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An Axeman’s Life

There are no two axemen out in the world who follow the same pattern in their lives. Some work construction, some cut diamonds, and some fish the pacific whenever they are not at a lumberjack show. I guess the only thing we, as axemen, have in common is our love for a sport that will never put us on the cover of Sports Illustrated, never make the highlights of Sports Center, and will never really make us famous in the world’s eye.                                   

I became addicted to timbersports, or logging/lumberjack sports, while attending Cal Poly State University studying for a B.S. Degree in Forestry and Natural Resource Management. I am a naturally athletic person, so after my first swing of the axe, I was hooked. I still remember the nervous, shaky feeling in my legs as I swung my first swing. Clop, the axe hit the wood, sinking to the handle. All the while, the nervous feeling turned into pure adrenaline rushing through my body, exhilarating my senses, as if reborn to a whole new world.                                   

Well, a new world indeed. Once addicted, and ever since, I have been consumed by the sport of woodchopping. Aside from making ends meet in the real world, I live an entirely different life of pushing myself to do things others cannot. Be it in the gym strength training, on the pavement and dirt building my cardiovascular system to perform at its peak, or chopping and sawing thousands of chopping blocks and wood cookies, my life as an axeman is intense. The focus and determination of this pursuit is rivaled only by other Olympic and professional athletes.                                   

Once fit and ready for the task, the mental stress of a timber show will make any competitor sweat. After driving to the competition site most of the evening before, all competitors rise early to prepare for a long day of turning the strength and focus on and off again. First things first, all the chopping blocks are sized the same diameter with an axe. Axe throw preliminaries are next. All contestants must make “the show” if there are too many contestants in any one event, which usually means axe throw, choker setting, and sometimes stock saw.                                   

At larger contests, like the Midwest Lumberjack Championships, all events have preliminaries the day before, leading up to the finals on Sunday with the top four competitors. Once the schedule for the show is set, all equipment must be checked and in proper working order. All cross cut saws need handles, axes need to be tested in the show wood, then polished and stoned, hot saws need tweaking, game plans are made between partners, chopping blocks are picked and set up for the show, and sawing wood is tested for softness. All the while, a mental game is played to calm the anticipation of excellence.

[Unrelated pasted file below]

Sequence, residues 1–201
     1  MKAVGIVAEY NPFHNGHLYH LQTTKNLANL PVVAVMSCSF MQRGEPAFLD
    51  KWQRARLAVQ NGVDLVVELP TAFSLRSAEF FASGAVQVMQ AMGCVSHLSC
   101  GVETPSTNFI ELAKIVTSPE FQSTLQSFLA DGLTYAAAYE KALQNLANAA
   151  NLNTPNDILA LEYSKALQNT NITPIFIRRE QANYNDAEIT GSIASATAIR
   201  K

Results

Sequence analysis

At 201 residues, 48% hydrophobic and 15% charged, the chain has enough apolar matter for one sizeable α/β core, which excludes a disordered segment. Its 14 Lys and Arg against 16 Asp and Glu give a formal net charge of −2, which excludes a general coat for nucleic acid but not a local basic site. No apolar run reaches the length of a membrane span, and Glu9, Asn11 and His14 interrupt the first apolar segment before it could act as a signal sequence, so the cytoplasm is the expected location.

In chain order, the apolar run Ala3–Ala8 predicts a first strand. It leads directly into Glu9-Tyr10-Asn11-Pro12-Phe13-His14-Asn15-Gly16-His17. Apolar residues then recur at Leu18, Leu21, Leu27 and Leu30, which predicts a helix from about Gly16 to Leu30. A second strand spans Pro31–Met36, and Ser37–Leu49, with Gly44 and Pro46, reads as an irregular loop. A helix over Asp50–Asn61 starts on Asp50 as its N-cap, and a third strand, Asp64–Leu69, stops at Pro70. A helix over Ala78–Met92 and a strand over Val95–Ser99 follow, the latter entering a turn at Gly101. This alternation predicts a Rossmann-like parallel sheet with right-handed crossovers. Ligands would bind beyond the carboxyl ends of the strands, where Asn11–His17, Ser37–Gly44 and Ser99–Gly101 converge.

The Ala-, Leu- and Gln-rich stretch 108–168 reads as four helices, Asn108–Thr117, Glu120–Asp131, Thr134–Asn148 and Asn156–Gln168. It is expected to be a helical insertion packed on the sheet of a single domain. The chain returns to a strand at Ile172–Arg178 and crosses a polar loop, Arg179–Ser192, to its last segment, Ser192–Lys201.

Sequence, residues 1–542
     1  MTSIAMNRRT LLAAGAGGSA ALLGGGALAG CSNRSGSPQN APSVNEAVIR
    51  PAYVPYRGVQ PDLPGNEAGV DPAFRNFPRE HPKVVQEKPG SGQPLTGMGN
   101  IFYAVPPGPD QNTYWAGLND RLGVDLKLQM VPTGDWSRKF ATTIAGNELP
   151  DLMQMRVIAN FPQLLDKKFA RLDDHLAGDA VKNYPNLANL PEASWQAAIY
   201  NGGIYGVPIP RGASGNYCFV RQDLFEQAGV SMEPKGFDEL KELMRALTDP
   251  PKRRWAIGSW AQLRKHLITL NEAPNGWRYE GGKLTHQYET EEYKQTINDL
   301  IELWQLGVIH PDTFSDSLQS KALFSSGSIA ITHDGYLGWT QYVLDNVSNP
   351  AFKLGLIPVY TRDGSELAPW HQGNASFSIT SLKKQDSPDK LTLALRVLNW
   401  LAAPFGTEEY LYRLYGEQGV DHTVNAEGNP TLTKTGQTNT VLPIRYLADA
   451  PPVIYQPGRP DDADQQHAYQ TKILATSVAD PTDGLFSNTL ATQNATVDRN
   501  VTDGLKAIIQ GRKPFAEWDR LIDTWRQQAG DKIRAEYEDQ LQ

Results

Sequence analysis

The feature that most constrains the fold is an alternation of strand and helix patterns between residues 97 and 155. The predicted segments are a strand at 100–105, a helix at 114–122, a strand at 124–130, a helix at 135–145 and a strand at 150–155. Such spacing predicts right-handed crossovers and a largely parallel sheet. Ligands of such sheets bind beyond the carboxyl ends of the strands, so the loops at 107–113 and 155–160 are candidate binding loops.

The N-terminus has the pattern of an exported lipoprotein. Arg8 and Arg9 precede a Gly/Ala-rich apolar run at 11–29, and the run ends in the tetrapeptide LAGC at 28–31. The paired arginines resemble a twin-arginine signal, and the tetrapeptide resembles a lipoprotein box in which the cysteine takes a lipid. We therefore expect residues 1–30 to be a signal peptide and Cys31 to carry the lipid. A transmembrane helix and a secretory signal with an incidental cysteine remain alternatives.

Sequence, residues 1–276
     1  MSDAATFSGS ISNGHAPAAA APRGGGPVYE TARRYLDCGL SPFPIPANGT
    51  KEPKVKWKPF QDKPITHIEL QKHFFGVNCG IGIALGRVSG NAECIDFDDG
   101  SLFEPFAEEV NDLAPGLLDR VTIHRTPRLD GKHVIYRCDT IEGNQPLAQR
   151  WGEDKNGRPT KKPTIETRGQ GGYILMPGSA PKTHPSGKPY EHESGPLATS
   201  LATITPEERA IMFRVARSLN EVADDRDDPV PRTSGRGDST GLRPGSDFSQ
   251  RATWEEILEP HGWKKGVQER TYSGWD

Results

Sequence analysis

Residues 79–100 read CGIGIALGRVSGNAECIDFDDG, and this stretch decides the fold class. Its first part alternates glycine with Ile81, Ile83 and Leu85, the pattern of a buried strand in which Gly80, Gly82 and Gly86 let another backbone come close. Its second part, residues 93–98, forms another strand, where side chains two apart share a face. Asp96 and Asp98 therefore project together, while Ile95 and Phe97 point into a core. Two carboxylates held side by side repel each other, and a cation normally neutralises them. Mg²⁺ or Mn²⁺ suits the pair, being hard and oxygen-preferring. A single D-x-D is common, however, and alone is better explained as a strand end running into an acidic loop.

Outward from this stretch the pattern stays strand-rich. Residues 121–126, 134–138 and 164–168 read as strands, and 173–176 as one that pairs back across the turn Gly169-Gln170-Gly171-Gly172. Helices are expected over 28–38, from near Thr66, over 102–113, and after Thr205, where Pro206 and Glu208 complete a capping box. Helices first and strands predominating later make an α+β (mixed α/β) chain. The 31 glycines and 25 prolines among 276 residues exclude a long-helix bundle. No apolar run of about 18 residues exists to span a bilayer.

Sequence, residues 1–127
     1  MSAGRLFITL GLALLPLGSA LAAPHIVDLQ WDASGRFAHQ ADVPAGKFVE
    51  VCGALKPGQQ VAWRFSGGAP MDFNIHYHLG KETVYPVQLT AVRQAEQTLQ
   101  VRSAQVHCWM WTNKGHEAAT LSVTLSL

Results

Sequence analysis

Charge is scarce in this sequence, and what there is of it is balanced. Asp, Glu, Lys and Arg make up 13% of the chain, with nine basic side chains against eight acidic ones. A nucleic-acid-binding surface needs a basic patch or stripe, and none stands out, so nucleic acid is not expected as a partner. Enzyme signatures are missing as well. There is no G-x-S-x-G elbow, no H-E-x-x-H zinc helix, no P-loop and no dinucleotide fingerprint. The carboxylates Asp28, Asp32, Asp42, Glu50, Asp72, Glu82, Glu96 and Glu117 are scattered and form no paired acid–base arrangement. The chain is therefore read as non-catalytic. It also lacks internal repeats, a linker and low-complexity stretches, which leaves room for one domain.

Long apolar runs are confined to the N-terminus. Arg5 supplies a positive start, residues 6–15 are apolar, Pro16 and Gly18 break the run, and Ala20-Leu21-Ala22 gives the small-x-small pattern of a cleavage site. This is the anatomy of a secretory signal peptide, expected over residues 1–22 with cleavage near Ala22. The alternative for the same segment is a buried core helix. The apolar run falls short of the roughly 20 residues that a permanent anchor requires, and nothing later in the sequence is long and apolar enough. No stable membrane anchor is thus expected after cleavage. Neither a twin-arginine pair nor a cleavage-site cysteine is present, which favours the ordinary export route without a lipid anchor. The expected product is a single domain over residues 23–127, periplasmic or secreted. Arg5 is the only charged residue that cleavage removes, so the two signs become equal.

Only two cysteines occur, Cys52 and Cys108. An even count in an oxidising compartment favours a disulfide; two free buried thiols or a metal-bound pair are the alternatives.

A lumberjack show usually goes by in a flash for most competitors, with everyone running around, attending to last minute perfections, checking others’ scores, check — checking — and — rechecking wood, axes, saws, stance, and again, other competitors’ scores. And between all this mayhem of checking, each contestant has one ear open towards the show announcer, waiting for his or her name to be called on deck. At that moment, once that name is called, all life is slowed and reality sets in, ready or not. It is time to turn on all that strength, agility, and focus. “Go,” the announcer calls the cadence, and all that is, and ever will be, is focused into that one moment in time. It’s just you and the wood —cutting, sawing, climbing, or running. Everything you have trained for is set loose to attack in a controlled chaos. With each swing, stroke, and stride, all is silent and sane in the world. Nothing else matters; just that cut, just you and the wood… And when it is all cut and done, you stand there, thinking about what went wrong, and how you can improve, eager for the next time.                                   

After a long day of turning the strength and focus on and off again, equipment needs to be cleaned, inspected for fixing, and secured for the long trip home. This trip, be it three or twenty hours, is consumed with thoughts of improvement, or discussion with a friendly travel partner. And once the long trip has ended, the money counted to determine red or black, and the week is in full swing, all the equipment is inspected once again, fixed over long nightly hours in the shop, and readied for the next weekend of strength and focus.                                   

Tom went professional in 2003 and holds six world records. President and founder of the Oregon Axemen’s Club, Tom is also a Forest Sports Instructor at Central Oregon Community College. If you’re interested in becoming a sponsor, he can be reached at (541) 815-1647 or (541) 388-4800. TW

TimberWest January/February 2008
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